Our Italian Holiday and Food Festival Tour 2015
Ciao! If you are a regular visitor to our Facebook page (and if you’re not, welcome!) you’ll have seen that we’ve been away again recently. After a very successful first season of Italian street food we decided to reward ourselves with an Italian holiday. However, this was not the average Italian holiday; it was about much more than that. This was about seeing a part of Italy we’d never previously explored, about discovering true and authentic street food and, most importantly, about visiting as many Italian food and drink festivals as we could!!
Food festivals are huge in Italy and the tradition of celebrating a particular dish, ingredient or type of wine or beer forms an important part of local Italian culture. If a town is famous for a particular product or plate of food it creates a festival around it that lasts for days or even weeks and often involves not just the food, but the traditions of the town or village where the festival is held. It’s a great way of bringing a community together and, even though we have great traditions such as village fêtes and baking festivals over here, it’s something we don’t see celebrated in the same way in the UK. In this blog post we’ll tell you a bit more about the festivals we visited and the food and drink we tried!!
Our first stop on the festival tour was the Festa dell’Uva (grape festival), which takes place every year in Giordano’s home town of Monzambano, close to Lake Garda. As the name suggests, it is a celebration of wines from local cantine (wine distilleries) and producers in the Mantova region. At the centre of the festival were different wine tasting stalls. At the first stall we paid €5 each and received a small bag containing a wine glass, plus six coupons which allowed us to sample the local wines.
There was a separate stall for food where we tried gorgonzola with polenta (yes, it was a whole slab of gorgonzola with polenta around it!) and capunsei, a dish from the province of Mantova made with breadcrumbs, cheese, stock and a sprinkling of parsley.
We visited the festival on two consecutive nights with friends and family and saw a traditional parade through the town, market stalls, local rock stars, fancy dress, juggling with fire and historical reenactments. It was all happening!!
On our third day in Italy we embarked on a true adventure, to a place Laura had never visited before – the beautiful island of Sicily!!!!!!
We will talk about our Sicilian adventures in a separate blog post, but right now we want to tell you about our visit to the Cous Cous Fest, which takes place every September in San Vito Lo Capo in north-western Sicily. The festival is all about showcasing the different types of cous cous that are served not just in Sicily, but across the world.
For €10 per person we each got a glass of wine, a Sicilian dessert and a proper plate of cous cous. We had to pick carefully as there were more than 30 dishes to choose from!! Giordano decided to have a local cous cous trapanese (from the province of Trapani) with tuna, sardines and wild fennel, while Laura went for a spicy cous cous with Mediterranean vegetables.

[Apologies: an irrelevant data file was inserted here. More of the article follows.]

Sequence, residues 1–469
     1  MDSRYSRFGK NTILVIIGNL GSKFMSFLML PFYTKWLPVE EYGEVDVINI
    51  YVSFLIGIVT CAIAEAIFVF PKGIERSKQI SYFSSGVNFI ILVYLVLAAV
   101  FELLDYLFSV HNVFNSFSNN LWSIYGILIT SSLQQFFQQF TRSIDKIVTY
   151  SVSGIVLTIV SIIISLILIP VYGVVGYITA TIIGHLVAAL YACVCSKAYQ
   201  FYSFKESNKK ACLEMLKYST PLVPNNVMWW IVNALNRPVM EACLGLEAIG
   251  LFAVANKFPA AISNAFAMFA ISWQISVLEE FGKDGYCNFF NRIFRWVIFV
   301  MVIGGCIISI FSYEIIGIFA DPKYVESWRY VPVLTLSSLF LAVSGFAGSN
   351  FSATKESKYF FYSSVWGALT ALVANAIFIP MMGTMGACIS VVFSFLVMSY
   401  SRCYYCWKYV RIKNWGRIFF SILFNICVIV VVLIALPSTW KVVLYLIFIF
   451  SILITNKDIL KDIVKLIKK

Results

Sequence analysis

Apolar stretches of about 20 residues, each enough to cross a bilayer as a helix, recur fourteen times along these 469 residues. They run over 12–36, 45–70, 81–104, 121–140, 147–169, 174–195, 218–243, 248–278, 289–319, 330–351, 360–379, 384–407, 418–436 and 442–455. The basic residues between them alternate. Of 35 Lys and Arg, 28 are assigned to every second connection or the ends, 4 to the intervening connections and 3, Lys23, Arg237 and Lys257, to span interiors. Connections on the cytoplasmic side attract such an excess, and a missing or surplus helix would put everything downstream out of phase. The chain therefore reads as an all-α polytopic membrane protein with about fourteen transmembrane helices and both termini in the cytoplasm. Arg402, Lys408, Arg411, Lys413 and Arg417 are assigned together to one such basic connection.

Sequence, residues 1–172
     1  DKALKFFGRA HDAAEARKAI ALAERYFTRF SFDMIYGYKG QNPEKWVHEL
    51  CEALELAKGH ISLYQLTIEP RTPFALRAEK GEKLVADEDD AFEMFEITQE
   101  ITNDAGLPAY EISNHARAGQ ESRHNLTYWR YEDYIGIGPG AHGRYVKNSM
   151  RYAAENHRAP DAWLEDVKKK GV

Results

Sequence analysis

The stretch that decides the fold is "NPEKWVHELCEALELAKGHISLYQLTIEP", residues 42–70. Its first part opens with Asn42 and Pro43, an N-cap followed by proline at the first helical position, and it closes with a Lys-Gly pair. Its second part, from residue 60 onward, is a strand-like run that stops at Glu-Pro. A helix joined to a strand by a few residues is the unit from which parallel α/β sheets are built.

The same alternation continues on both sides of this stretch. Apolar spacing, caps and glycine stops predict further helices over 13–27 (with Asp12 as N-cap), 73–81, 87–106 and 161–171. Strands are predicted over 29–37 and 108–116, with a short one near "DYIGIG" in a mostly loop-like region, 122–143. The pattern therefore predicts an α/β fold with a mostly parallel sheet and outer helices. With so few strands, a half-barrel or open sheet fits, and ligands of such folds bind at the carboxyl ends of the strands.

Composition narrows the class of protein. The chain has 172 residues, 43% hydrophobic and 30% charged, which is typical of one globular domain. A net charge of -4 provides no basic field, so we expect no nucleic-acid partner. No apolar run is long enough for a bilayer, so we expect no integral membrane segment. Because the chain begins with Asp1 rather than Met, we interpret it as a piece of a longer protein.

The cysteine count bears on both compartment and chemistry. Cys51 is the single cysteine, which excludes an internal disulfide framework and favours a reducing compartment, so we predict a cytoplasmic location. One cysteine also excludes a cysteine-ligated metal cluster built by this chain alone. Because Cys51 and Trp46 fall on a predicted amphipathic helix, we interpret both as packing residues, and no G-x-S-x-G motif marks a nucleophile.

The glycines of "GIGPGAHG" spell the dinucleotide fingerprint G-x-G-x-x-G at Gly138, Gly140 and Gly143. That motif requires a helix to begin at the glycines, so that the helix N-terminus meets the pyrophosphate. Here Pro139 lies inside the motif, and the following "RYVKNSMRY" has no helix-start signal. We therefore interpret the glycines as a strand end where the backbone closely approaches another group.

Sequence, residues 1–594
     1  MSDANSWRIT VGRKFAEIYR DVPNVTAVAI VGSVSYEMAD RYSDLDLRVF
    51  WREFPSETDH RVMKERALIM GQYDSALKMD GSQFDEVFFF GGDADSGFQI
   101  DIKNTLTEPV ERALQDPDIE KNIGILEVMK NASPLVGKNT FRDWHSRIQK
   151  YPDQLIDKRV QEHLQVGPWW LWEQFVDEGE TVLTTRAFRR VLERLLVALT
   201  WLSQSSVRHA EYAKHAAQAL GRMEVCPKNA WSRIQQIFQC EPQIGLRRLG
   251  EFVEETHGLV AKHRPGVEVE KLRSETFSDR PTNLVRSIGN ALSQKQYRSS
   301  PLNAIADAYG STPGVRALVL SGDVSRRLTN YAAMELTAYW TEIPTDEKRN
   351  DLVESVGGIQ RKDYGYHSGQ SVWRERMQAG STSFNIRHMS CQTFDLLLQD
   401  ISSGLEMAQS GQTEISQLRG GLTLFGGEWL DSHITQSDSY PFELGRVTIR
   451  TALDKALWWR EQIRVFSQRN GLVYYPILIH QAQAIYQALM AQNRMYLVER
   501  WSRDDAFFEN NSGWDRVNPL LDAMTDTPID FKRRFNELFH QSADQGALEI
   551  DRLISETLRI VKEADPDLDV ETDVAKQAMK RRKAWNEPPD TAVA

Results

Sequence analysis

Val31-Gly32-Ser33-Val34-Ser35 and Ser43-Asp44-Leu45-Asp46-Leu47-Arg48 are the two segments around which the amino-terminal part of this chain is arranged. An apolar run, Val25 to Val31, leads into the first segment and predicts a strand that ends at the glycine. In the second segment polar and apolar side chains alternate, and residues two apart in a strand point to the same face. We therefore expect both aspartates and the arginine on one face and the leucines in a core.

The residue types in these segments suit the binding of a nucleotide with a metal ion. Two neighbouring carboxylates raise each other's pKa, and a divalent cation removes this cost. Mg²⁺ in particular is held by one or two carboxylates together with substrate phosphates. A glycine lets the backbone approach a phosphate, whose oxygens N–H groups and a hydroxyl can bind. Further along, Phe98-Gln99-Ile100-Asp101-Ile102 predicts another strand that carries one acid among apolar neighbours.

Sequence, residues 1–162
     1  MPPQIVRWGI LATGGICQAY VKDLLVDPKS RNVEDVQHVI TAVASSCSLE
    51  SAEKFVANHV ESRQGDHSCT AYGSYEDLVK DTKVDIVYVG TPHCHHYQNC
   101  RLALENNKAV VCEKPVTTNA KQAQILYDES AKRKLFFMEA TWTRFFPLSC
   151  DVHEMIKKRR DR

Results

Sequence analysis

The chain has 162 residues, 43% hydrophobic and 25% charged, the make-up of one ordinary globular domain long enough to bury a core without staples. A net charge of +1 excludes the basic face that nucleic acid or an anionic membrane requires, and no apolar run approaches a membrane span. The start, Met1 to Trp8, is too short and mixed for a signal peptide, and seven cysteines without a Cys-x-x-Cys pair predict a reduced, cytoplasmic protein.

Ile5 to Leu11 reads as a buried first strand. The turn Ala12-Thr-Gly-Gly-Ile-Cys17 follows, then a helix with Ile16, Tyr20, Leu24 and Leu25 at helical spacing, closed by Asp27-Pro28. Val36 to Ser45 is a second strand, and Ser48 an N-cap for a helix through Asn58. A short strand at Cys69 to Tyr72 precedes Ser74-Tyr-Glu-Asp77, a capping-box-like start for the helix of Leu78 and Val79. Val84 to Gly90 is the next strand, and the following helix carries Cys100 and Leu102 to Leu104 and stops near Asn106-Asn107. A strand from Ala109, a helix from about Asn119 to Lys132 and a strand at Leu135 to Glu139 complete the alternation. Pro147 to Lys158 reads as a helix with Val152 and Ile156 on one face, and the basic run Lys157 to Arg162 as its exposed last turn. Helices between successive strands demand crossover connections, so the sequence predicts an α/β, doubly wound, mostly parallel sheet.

There was so much good food that we had to have a walk around the town in order to have space in our bellies for something else! This was because our friends who work close by had told us about a Sicilian pasta dish that we had to try. Busiata is a long, twisty pasta from the province of Trapani, and ours was mixed with a tomato sauce and topped with loads of vegetables. It was delicious!
We’re not sure how, but we found room for a few of these little Sicilian desserts afterwards too!
After our Sicilian adventure there was still time for two more festivals! Our next journey took us back up north to the province of Modena, where we attended the Sagra del Lambrusco in Castelvetro with a group of our friends. This worked in the same way as the Festa dell’Uva; again, we each paid a set price for a wine glass and a set number of coupons, but this time we got twelve, one for each stall!
There was some tasty food and drink from the Emilia-Romagna region on offer too, and Laura even managed to track down and eat some tigelle (the inspiration for our name), which are traditionally from Modena.
As you can imagine, a food festival involving friends and wine-tasting is great fun, and Castelvetro is really, really pretty!
Our final food festival, on our last day in Italy, was the Fiera del Riso in Isola della Scala, near Verona. It’s a town famous for risotto and also the place where Giordano lived when he was little. The Fiera del Riso is a 3-week-long food festival – a huge event for a small town – and is all about great-tasting risotto made the traditional way. We visited the event with some good friends who have lived in central Verona for many years, and we were all looking forward to seeing which rice dishes were on offer!
The festival’s main dish was risotto all’isolana, a traditional risotto from Isola della Scala made with pork and veal, which is so popular locally that most of the stalls around the main hall were serving it! There were around 20 stalls in one huge hall, each one fitted with industrial kitchen equipment capable of producing risotto for thousands of people each day!
Although food festival organisers love keeping with tradition, they also change the dishes on offer each year to allow visitors to sample a whole variety of rice products. When we visited the Fiera del Riso a few years ago we got to try arancini (Sicilian rice balls with all sorts of tasty fillings) and this year Laura got a pre-Halloween treat with some risotto alla zucca – pumpkin risotto!
Now we’re back, we’re dreaming up new ideas for menus and dreaming of delicious Italian cuisine. Expect some new dishes in the not too distant future and expect another blog post all about Sicily very soon!
Laura and Giordano